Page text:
P/cloudy
47°
P/cloudy
Hi 51° | Lo 38°

In Claremont, Schools Seek Budget Bump

Retirement, Special Ed Costs Drive 1.85 Percent Increase

— The city’s school superintendent is proposing to increase spending in the general fund budget by 1.85 percent to $29 million next year, an increase driven largely by higher contributions to the state retirement system and more money required for special education.

The spending plan, which was presented to the School Board this week, is about $530,000 higher than the current year’s general fund budget of $28.53 million.

SAU 6 Business Manager Tim Ball said that about half of the budget bump, or $300,000, is attributable to an increase in the money that the district must pay into the state retirement system on behalf of district employees.

“The contribution for teachers went up from 11 percent to 14 percent,” Ball explained about the district’s portion of payments on behalf of teachers into the state’s retirement system.

Spending for special education programs is projected to go up districtwide by $365,000, or 5 percent above current year levels.

The district is also looking to spend $132,000 more for technology services, $139,800 more for SAU administration services, and $56,000 for guidance counseling. Cornish and Unity make up the other two schools in SAU 6 and each district pays a portion of the SAU budget based on student enrollment.

But the district also plans to spend less in other areas, including a $108,000 drop for technical and vocational education, $85,000 less for health services, $70,000 less for media services, and $101,000 less for principal services.

The total proposed spending budget is $31.92 million, which includes expense items such as food services that are offset by corresponding matching revenue from the state or other sources, and therefore would have no impact on the local tax rate. That is a half percent below the current year’s total spending budget of $32.14 million.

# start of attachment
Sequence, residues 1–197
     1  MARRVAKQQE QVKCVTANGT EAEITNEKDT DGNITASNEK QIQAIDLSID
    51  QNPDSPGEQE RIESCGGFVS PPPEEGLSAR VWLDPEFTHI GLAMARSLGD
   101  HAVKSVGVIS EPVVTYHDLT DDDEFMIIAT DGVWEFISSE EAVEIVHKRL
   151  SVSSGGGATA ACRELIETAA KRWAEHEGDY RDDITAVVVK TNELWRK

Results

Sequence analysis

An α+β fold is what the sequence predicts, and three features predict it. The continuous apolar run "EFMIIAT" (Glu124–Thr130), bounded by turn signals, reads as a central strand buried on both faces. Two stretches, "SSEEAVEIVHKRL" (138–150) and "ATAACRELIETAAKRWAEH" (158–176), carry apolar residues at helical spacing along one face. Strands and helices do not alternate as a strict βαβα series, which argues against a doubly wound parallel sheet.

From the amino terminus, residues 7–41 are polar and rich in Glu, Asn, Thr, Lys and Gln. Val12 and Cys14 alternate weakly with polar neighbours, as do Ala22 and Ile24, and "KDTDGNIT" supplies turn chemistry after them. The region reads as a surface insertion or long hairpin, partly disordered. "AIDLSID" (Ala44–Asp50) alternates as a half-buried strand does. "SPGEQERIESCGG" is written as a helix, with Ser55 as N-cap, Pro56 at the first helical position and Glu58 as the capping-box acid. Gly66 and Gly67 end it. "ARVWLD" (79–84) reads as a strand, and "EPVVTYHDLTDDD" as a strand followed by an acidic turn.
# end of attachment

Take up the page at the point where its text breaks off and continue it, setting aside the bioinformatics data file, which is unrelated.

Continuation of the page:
Though the proposed budget is likely to undergo several revisions and debate before the board formally adopts it in early January, the current projected tax rate impact is 44.6 cents per $1,000 of assessed valuation. The local rate would rise about 23 cents to $16.31 and the rest would fall on the state education rate, which would increase to $2.58 for a total school tax rate of $18.89, according to figures presented by the administration.

That means that city homeowners with a property assessed at $150,00 would pay $67 more in annual property taxes. The amount to be raised by taxes is estimated to increase $181,000 while revenue from state sources is projected to rise $487,000 from the current year. Overall, non-tax revenues are up about $413,000.

The tax rate estimate does not include any special warrant articles that may appear when the budget is submitted to voters for approval in March.

Last year voters passed the school budget and a separate warrant article of $150,000 to spend new technology for student instruction. Voters also approved contracts for paraprofessionals and secretaries and $140,000 toward capital improvements at the middle school and Stevens High School.